Sunday, July 21, 2013

Blue Apatites from Ipirá

I have heard, not long ago, that the blue Apatites from Ipirá, in Brazil, were radioactive.
I know that Apatites can be a little radioactive due to impurities of Th and U, so I decided to investigate a little further, since it is one of my favorite Apatites. 
I learned  that they have inclusions of Thorium and had a couple pieces tested here and yes,
they turned out to be radioactive indeed.
But how radioactive?
I contacted John Rakovan, a mineralogy professor in Ohio, that has an extensive knowledge about Apatites. And he kindly checked a couple pieces for me.
He used a nuclear radiation meter that detects alpha, beta, gamma and X-rays (but does not distinguish among them). 
At a distance of 1 cm he recorded 0.113 mrem/hour from the Apatite.
As a comparison, the background reading in his lab is 0.007 mrem/hour. 
A granite pegmatite sample of the same size from Moat Mountain, New Hampshire is 0.017 mrem/hour and a 1 cm specimen of Autunite gives off 6.624 mrem/hour.
"Given the US standards I would say that an average adult occasionally wearing an Ipirá would have no statistical increase in risk of cancer due to the radiation dosage. Even at a doubling of the average background dosage (aprox. 800 mrem/year) by wearing it all day, every day. The dosage is far below the US allowable dosage for radiation workers (5000 mrem/year). Allowable dosages are based on risk probabilities. If one has an understanding of radiation and radiation safety this is just fine, but for someone who does not understand, then there is likely to be fear from hearing that a gemstone is radioactive."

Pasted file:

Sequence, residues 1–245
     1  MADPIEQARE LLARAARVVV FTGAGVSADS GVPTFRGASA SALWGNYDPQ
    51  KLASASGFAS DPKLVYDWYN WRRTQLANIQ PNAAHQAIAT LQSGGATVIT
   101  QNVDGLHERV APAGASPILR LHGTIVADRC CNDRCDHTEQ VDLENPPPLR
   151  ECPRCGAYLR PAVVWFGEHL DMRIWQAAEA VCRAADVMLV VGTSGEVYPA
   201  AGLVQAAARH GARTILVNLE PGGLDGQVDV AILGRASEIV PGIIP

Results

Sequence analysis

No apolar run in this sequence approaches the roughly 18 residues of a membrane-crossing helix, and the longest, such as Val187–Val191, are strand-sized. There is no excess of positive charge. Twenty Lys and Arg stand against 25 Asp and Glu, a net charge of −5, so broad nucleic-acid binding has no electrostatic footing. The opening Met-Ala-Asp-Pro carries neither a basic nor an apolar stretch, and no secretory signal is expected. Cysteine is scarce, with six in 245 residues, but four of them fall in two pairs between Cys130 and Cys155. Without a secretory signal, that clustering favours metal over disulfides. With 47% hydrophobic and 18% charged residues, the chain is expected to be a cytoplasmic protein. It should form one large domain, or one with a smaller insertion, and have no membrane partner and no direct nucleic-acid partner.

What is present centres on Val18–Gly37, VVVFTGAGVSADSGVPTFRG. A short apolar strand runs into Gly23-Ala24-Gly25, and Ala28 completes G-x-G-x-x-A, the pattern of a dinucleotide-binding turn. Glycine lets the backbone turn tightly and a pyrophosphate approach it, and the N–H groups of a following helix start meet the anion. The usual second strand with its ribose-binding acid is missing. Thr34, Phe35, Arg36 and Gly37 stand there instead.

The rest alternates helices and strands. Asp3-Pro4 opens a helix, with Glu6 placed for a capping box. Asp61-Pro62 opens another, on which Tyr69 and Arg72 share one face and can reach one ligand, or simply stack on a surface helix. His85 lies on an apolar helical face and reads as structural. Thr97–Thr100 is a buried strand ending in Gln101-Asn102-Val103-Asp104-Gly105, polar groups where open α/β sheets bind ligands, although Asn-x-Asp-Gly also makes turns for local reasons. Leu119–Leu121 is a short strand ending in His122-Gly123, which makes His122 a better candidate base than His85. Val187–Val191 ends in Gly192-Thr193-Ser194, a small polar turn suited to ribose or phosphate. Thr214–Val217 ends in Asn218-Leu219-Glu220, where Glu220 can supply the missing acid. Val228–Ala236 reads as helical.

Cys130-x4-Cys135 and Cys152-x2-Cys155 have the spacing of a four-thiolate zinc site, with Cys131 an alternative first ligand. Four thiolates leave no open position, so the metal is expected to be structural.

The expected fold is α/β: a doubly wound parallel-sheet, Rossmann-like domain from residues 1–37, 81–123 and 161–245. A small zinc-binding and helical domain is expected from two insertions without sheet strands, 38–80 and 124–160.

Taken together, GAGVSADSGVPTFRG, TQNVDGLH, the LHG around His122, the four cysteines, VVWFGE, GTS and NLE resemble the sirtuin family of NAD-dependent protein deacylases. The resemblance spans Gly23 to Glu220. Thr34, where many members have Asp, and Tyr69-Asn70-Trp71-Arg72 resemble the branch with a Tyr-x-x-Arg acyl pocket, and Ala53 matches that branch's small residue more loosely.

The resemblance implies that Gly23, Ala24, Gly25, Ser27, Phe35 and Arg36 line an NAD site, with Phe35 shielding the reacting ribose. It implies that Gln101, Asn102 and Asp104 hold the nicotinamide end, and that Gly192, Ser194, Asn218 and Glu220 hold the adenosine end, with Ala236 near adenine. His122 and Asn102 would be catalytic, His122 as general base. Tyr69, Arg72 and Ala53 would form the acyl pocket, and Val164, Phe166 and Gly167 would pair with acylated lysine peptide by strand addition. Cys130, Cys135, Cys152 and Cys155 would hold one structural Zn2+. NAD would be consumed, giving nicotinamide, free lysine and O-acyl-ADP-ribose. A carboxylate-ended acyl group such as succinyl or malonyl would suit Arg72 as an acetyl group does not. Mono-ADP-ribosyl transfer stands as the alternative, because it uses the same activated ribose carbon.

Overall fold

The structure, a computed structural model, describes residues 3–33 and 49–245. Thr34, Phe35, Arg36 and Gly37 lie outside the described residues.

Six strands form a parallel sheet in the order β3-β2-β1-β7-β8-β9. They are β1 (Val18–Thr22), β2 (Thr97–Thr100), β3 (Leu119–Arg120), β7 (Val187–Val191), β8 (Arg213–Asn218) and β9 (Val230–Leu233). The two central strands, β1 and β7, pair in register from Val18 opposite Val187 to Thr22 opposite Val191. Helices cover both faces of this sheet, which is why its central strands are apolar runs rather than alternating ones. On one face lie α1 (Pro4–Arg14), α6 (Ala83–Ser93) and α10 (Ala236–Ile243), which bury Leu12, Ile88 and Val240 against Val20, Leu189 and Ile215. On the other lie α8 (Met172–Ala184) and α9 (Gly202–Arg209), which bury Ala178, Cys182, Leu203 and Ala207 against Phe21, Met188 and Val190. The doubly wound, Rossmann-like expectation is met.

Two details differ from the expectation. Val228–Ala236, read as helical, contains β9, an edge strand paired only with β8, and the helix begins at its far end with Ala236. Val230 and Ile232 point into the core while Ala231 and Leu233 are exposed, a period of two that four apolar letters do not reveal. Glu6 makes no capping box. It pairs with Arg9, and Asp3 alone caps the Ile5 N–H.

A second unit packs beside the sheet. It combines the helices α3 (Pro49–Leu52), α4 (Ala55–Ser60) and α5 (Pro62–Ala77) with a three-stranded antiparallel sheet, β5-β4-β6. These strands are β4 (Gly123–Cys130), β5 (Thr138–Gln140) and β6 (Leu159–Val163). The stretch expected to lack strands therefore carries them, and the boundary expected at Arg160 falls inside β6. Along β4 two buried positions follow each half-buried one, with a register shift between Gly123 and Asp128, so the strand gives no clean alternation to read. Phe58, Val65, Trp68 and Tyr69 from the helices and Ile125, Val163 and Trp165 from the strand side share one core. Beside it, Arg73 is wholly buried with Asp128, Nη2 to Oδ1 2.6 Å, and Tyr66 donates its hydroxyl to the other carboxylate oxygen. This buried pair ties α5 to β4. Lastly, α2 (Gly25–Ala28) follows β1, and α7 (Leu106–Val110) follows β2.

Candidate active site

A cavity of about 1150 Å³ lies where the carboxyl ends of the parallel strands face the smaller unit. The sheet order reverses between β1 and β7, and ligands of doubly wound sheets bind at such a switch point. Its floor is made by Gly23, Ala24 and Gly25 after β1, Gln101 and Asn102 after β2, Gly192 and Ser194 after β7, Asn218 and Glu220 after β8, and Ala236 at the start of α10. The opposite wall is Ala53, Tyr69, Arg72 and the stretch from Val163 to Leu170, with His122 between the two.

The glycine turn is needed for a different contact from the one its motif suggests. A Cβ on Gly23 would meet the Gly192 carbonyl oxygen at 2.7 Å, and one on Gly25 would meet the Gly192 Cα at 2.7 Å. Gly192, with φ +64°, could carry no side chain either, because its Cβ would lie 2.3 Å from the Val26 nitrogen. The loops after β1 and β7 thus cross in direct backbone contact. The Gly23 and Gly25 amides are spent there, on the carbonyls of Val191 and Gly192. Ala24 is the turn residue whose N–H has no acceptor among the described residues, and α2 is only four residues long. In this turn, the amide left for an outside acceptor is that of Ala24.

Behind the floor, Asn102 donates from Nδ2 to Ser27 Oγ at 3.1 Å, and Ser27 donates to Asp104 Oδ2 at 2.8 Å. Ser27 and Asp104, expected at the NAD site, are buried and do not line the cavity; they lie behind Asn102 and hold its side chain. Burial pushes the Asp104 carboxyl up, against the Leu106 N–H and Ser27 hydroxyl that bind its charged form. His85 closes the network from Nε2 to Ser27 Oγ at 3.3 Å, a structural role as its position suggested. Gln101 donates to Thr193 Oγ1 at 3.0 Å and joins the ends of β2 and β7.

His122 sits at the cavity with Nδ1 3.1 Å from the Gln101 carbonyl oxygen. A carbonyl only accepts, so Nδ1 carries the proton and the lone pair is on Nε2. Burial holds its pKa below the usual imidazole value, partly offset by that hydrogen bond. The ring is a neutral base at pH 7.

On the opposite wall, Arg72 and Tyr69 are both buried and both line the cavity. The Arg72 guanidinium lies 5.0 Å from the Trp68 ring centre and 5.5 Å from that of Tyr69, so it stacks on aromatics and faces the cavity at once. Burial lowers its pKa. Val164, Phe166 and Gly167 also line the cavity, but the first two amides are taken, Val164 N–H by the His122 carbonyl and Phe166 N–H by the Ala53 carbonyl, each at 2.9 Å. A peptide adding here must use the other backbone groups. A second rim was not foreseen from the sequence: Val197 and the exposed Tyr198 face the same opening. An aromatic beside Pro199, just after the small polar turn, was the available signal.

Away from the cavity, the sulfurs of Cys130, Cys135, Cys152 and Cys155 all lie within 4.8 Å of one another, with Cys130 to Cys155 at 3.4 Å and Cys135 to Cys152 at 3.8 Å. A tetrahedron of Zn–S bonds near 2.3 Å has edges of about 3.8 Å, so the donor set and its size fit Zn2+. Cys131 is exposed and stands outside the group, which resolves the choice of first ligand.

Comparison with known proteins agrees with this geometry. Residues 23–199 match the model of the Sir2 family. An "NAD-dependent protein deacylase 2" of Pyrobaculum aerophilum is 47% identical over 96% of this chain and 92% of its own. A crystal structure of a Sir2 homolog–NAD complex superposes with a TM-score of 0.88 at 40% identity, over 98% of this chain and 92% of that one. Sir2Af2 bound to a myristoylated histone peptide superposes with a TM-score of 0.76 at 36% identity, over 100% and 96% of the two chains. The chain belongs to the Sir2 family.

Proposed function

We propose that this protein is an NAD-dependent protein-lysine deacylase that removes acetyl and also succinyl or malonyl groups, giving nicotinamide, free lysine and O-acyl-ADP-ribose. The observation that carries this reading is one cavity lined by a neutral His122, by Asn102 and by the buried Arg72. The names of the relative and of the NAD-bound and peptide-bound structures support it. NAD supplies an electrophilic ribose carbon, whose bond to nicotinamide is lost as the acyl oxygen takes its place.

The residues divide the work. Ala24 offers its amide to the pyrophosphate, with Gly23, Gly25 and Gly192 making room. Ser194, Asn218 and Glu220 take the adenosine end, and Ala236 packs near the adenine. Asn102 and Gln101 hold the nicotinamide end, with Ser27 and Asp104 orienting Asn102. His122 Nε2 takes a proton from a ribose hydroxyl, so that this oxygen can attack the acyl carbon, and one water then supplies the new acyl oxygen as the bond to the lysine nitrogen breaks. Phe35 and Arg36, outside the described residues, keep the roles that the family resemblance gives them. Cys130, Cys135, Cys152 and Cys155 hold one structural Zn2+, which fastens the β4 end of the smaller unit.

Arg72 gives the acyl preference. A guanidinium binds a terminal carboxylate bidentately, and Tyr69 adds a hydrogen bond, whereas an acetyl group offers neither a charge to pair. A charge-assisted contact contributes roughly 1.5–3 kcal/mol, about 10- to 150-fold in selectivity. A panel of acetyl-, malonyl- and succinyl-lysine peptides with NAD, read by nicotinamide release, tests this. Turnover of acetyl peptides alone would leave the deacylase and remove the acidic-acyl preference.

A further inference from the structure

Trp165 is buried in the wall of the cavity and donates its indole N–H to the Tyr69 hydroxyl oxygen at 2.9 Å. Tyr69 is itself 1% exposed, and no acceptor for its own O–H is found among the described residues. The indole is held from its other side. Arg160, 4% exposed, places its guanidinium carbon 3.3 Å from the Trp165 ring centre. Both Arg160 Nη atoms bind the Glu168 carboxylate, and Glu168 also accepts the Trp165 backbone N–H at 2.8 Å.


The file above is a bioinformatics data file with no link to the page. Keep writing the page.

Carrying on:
A nice site to read about radiation is the one at MIT


  1. Is it known what the cause of the colour is? Is it trace amounts of thorium? Where blue apatite occurs near Bancroft, Ontario, Canada, (Faraday Hill occurrence), it is in massive orange calcite associated with uraninite and minor molybdenite. When it occurs near Verona, Ontario (Canoe Lake roadcut and Lacey Phlogopite Mine), it is found in massive pink calcite with abundant phlogopite mica, and minor amounts of skarn minerals such as clinopyroxene and feldspar, but I observed no evidence of radioactive minerals.
    In the Bancroft area, just about any mineral that can accept radioactive elements (U & Th) into its structure does. Zircons, allanites and pyrochlores all carry abundant radioactives. I will look to have my apatites carefully tested, but until now they have all been considered free of radioactivity. Apatites tested very recently at a mineral show in London, Ontario showed that the Ipira blue apatites had very slightly greater than background radioactivity. Green apatites from Bancroft, (the most common colour), showed none, and one red coloured apatite from Lake Clear, Renfrew County, Ontario showed about seven times background. This area deserves more investigation.
    Chris Fouts, Bancroft, Ontario